These Five Guys might replace Ben & Jerry as my best friends. Truly intending to make pollo al mattone I thought I had plenty of time to take a short nap and still make a tasty dinner. My "short" nap lasted 4 hours. What to have for dinner quickly? The captive husband suggested our new meaty paradise, Five Guys Famous Burgers and Fries.

Normally this would be an occasion where loving husband gathers food and brings it back to his appreciative wife. This food doesn't travel well. The bag is soaked with grease after simply carrying it to your table. Waiting on the table are a pail of peanuts in the shell and a pail for said shells. Nice touch. The wrappings are reminiscent of take out diner food, foil sheet on the burgers, styrofoam cups (don't tell PETA) for fries. This is intentional to convince you this is YOUR local burger joint, not the successful franchise that it is or the McFranchise down the street. The burgers are even hand formed to play to the personal approach here. Don't even think about looking for a drive thru.

The 'Have it your way' chain can take a lesson here. You choose from a long list of freebies - fried onions, A-1 sauce, jalopenos to name a few. The minimal bacon charge is worth it, it's crispy and salty and smokey. The fries are skin on twice fried 8th wonder of the world with ample malt vinegar on hand for dousing. Cooked in proper peanut oil. Most of the bag grease is attributed to an additional portion of fries scattered in the bag. Another nice touch. Altough I'm sure it's covered in the cost the appearance of more than expected is welcomed.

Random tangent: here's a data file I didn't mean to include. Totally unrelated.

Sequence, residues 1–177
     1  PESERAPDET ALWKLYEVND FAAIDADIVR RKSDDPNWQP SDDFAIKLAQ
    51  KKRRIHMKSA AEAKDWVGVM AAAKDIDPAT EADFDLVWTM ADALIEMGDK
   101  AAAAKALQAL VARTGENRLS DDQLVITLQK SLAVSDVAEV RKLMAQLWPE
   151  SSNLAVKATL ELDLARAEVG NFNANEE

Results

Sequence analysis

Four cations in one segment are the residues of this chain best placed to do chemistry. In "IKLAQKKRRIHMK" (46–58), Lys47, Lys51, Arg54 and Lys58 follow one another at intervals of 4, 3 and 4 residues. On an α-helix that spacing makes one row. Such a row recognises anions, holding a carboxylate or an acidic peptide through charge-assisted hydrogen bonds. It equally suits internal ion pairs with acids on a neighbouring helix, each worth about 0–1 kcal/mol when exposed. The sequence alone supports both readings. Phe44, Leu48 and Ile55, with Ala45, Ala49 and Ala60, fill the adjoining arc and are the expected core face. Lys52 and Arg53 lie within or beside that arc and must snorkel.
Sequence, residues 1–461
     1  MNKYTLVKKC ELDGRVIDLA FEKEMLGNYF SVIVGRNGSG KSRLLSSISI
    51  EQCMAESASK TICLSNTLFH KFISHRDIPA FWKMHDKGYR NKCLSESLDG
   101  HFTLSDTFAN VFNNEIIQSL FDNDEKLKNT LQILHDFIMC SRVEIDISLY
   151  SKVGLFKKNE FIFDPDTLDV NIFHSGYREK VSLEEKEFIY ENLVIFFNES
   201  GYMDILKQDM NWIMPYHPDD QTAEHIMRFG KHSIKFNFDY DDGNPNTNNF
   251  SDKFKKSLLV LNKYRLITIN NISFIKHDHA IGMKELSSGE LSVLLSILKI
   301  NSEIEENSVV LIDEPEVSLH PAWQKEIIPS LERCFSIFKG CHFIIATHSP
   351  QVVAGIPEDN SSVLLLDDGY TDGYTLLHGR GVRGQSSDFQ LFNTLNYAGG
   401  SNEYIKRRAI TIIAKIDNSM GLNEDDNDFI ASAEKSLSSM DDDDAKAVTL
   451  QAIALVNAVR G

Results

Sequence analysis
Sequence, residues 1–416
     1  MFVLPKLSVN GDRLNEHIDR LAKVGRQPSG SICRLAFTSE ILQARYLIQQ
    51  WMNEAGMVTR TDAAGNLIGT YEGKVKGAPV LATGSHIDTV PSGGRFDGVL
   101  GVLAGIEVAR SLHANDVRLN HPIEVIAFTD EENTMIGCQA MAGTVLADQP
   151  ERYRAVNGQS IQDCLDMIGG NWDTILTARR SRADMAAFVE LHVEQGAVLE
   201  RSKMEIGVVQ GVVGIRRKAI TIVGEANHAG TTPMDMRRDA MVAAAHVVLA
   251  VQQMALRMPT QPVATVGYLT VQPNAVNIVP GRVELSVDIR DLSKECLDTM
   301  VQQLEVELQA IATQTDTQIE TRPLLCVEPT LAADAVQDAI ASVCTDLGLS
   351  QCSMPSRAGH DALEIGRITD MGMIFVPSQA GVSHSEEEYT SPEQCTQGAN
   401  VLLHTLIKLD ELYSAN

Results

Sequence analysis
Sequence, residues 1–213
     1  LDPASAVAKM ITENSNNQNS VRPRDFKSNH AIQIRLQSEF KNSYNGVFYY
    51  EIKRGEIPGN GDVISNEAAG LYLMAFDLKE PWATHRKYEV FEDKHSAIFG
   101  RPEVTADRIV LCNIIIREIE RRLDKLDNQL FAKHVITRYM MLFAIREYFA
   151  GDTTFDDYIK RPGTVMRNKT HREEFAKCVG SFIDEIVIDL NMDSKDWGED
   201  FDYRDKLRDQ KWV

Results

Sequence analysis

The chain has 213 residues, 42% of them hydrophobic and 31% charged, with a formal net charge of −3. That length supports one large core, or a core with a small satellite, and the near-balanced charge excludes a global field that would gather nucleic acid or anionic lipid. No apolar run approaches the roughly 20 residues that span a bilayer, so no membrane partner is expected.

The burger itself is beefy, and crispy on the edges from the griddle. You don't get to specify a doneness but these are about medium well. Still lots of flavor - cooked enough to avoid lawsuits. Notice the fact that they are thick enough to notice a temperature, not a thin line of gray meat stacked 4 high. Also the meat has never been frozen. This is integral for retaining juiciness even ideal freezing situations cannot accomplish. I'd estimate half pound total post cooking weight. No one's leaving hungry here.

Maybe one day I can bring myself to order the only other item on the menu: a kosher dog. With all the griddles, I bet they are similar to Nathan's and wonderful. Forgoing my cheeseburger in paradise would be difficult at best.


Chicken under a brick. Pollo al mattone

Every passionate cook has a dish they've always wanted to make. Chicken under a brick is mine. Right now, I'm the closest I've ever come to making it. I have all the ingredients, even went to Home Depot to buy bricks. Each night, something comes up resulting in an alternate dinner. The, "It's too late, I need to make something fast." excuse yielded manicotti with leftover sauce. Last night's, "I had a few too many drinks to be handling bricks in my kitchen." resulted in calling out for a stuffed meat lovers pizza. All tasty - but not the intended meal.

I've seen this recipe in countless cookbooks which I consume like novels. It's been featured on all the cooking shows worth watching (not Giada and her cleavage). The recipe is memorized as if I prepared it in a professional kitchen nightly for years. But has yet to make an appearance at Chez Lisa, my home kitchen.